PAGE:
“A goal without a plan is just a wish.”
That quote, attributed to French writer and aviator Antoine de Saint-Exupéry in the early 20th century, has served as motivation for countless leaders for more than 100 years. It reminds us that success only comes with a vision, a roadmap and action.
In aviation, pilots must check weather conditions, examine their plane’s equipment, then determine data needed for a successful flight.
In the early days of nautical travel, sailors charted their course through empirical observations such as mapping winds, minding currents and following the stars. Many voyagers took never-before traveled routes, forging unique paths to achieve their destination.
That pioneering spirit is nothing new to us at the Betty Irene Moore School of Nursing at UC Davis. Our founders envisioned a different kind of nursing school. Now, more than a decade later, we’ve moved into the top 25 graduate nursing programs in the nation, launched the careers of more than 750 alumni, and impacted health care and policy for generations to come.
Now, we look to the next 10 years and beyond. We build on that solid foundation and chart our course to achieve our mission of optimal health and health equity for all. While a coronavirus pandemic threw the world off course for a bit, it now ushers in a new awareness of health care’s strengths and areas that need improvement. I’m pleased to highlight our leadership in this publication.
At the School of Nursing, we witness students, alumni, faculty and staff step up in crisis. From volunteering at community vaccine clinics to starring in public service announcements for vaccine outreach, they put service above self.
We advance diversity, equity and inclusion, both locally and nationally, through anti-racism training and cultural humility instruction that empowers nurses to address discrimination and implicit bias teaching that honors differences, rather than fuels racism.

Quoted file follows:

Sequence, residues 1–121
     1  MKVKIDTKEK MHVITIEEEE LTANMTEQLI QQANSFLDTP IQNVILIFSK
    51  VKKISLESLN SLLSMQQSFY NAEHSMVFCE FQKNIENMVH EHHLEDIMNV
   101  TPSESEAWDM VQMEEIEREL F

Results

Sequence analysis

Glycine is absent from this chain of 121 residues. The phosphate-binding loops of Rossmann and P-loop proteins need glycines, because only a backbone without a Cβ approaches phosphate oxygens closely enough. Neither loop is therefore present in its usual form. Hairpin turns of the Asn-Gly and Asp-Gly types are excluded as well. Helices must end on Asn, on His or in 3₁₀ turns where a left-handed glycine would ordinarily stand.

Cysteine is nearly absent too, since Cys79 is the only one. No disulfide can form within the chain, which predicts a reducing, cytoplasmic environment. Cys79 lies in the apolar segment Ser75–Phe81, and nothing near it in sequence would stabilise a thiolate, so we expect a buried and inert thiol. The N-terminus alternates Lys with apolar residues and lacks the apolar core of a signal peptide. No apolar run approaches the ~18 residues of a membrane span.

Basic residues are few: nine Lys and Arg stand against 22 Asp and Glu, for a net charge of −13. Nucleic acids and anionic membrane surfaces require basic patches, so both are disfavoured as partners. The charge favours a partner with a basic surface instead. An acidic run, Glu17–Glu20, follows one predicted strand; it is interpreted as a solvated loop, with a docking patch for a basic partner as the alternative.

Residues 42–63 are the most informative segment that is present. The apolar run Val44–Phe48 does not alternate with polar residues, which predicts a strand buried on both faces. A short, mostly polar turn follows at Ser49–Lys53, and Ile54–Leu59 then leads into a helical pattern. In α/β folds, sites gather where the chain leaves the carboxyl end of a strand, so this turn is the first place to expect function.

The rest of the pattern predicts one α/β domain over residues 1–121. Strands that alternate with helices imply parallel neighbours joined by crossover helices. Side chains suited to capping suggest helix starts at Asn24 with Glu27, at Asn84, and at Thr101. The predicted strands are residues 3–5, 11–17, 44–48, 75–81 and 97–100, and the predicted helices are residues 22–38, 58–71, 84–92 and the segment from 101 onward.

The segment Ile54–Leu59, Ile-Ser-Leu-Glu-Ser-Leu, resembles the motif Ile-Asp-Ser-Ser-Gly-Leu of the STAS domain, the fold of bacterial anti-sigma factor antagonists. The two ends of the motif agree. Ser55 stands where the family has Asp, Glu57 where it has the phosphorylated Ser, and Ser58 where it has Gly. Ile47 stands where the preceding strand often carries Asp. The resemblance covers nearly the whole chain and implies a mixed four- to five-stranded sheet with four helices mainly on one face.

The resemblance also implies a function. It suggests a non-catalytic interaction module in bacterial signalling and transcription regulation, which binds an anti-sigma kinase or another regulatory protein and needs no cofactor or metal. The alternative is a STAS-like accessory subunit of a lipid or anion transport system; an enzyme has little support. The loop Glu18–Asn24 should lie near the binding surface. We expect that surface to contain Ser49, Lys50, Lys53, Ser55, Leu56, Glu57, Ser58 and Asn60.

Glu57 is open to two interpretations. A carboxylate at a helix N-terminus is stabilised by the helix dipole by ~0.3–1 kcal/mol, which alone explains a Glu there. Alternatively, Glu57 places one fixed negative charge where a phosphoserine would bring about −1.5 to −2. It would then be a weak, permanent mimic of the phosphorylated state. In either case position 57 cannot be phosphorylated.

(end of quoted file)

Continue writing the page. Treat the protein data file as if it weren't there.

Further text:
As the pandemic highlighted disparities among Latinx, Black and Indigenous People of Color, it also shone light on the most vulnerable members of our society. The School of Nursing contributes perspectives, talent and leadership to the UC Davis Health Healthy Aging Initiative, a vision to provide age-friendly care to those 65 and older. Faculty also drive innovative research to bring telehealth services to underserved rural residents.
Planning for a better future sometimes requires you make the difficult choice of letting go aspects of your past. This year, the final cohort graduated from our flagship master’s-degree leadership program. For a decade, it embodied Betty Irene Moore’s vision for the school and how nurses drive change. Now, the School of Nursing lives out our goal of creating leaders who are nimble enough to lead in health care settings that are continually evolving.
Guided by our newly created strategic and growth plan, we prepare to offer a new degree program in summer 2022 — a hybrid post-baccalaureate Doctor of Nursing Practice — Family Nurse Practitioner (DNP-FNP) degree.
In what has become a signature of Betty Irene Moore School of Nursing programs, it blends our core values of leadership, health equity and interprofessional education to impact health care practice in California and beyond.
Our contributions to practice also grow to meet increasing demand for greater access to care. New clinician educators serve 80% of their time seeing patients and precepting students and 20% in student instruction. These educators complement our clinical faculty and foster better understanding of the role and value of advanced practice providers in the larger health system of UC Davis Health.
Of course, none of this innovation, progress and contribution is done alone. We must work, together with you — our alumni, community partners, parents, stakeholders and colleagues — and collaborate for real change.
- We must share a common aspiration of health care that includes all walks of life and educates diverse providers who bring unique experiences to their profession.
- We must work collectively on strategies that end health disparities and improve health for all communities.
- We must partner on the difficult, yet possible, path ahead and spark new ways to advance health equity.
There’s an African proverb that says, “For tomorrow belongs to the people who prepare for it today.” At the School of Nursing, we are prepared. We are charting our course, will stay the course and be prepared to course correct if unexpected circumstances arise. We know that to make lasting change, we must know where we are headed. I look forward to this journey in partnership with you.